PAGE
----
An American, Arthur Ashe was the first black male to win at Wimbledon. His South African match with Jimmy Connors fuels Mathabane's dream of becoming a great tennis player. Even though Ashe loses the South African match to Connors, he provides Mathabane with evidence that blacks can succeed not only in the game of tennis but also in breaking long-standing racial barriers. Ashe becomes Mathabane's role model and his inspiration.
Aunt Bushy is Granny's teenage daughter who still lives at home with her mother. She pays for her nephew Johannes's school trips and gives him lunch money on a regular basis.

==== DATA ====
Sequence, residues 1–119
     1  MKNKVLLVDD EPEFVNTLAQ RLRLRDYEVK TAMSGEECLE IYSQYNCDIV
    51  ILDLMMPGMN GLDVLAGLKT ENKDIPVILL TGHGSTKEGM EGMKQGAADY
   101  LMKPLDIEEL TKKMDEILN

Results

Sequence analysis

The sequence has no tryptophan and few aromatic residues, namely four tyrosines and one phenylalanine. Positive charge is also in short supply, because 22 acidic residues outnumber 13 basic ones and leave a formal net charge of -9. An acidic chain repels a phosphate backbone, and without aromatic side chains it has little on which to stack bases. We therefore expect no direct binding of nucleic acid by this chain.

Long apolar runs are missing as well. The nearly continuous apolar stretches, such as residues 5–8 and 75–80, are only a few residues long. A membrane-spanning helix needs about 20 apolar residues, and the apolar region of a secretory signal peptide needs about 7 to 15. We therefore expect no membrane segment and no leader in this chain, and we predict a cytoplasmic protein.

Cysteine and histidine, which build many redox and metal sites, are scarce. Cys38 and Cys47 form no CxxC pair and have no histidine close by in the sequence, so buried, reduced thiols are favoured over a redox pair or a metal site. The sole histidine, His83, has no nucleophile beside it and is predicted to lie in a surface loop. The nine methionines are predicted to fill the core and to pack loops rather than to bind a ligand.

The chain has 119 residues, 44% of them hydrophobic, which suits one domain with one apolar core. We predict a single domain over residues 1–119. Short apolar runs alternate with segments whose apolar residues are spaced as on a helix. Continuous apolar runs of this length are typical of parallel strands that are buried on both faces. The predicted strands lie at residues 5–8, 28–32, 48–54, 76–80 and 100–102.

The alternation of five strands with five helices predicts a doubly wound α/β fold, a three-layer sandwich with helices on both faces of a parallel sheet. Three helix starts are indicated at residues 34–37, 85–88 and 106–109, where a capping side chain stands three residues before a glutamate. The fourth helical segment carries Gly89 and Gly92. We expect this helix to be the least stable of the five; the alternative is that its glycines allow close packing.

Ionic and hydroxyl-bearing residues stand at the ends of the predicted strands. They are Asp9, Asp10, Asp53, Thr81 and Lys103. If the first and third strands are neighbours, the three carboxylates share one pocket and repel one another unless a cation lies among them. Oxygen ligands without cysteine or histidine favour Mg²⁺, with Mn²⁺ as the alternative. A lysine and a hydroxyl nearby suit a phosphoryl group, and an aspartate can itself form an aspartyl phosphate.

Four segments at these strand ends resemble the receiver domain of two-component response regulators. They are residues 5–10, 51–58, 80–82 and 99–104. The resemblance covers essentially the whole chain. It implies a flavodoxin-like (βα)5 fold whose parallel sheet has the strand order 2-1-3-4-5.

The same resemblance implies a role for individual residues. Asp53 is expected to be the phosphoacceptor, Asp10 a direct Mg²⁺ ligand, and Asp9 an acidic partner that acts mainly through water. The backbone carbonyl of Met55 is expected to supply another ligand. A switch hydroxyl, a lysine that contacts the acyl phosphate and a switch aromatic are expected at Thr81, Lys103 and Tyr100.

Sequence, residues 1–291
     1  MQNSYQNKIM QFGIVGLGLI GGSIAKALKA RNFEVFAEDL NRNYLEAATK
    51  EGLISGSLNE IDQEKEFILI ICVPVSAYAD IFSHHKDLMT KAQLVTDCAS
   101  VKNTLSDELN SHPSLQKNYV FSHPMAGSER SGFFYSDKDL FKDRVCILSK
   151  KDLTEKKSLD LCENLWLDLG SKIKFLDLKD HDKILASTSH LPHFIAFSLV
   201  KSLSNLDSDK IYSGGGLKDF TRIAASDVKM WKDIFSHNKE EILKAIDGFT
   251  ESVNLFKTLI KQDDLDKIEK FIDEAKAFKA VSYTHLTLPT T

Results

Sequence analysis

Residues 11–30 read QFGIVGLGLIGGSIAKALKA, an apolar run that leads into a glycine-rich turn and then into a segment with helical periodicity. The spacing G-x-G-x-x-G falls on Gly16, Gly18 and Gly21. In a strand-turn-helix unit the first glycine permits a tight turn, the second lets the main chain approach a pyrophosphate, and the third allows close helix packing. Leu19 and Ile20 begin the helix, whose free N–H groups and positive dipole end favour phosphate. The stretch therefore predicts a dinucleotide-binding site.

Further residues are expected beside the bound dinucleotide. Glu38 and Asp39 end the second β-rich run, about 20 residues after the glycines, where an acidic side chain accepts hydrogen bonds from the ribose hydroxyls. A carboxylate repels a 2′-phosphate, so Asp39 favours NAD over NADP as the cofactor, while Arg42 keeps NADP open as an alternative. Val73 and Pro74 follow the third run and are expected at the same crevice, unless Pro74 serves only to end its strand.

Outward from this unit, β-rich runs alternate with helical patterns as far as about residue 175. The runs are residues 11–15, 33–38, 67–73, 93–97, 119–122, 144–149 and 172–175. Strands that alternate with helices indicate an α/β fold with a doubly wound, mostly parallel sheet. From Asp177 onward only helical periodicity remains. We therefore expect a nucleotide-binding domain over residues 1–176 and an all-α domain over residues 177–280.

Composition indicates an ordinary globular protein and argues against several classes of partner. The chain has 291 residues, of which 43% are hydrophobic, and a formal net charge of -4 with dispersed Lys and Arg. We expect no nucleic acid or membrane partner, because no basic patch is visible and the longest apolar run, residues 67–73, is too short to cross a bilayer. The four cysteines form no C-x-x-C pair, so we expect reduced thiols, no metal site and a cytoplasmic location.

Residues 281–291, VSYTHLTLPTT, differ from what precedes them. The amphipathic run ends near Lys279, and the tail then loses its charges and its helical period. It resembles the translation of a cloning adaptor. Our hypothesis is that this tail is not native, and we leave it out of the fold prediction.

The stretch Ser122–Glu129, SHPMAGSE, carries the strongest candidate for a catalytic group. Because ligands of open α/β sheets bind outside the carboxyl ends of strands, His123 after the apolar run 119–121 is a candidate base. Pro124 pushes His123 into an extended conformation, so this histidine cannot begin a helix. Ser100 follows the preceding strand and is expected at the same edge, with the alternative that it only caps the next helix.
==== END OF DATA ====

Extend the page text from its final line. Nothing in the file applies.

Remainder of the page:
Granny is Mathabane's maternal grandmother. "Her genial brown eyes had the radiance of pristine pearls. She was, I think, the most beautiful black woman I ever saw," says Mathabane. An excellent and experienced gardener, she is forced to raise her children alone after her husband leaves her for another woman. She works ten hours a day, six days a week, for white families in Johannesburg. She is a tower of strength to her daughter and her grandchildren, opening her home as a refuge from Jackson Mathabane's abuse. Most important, it is Granny who secures work for the eleven-year-old Johannes with the Smiths of Johannesburg. With her, he makes his first trip into the city and the unknown world of white wealth. There he is introduced both to the game of...
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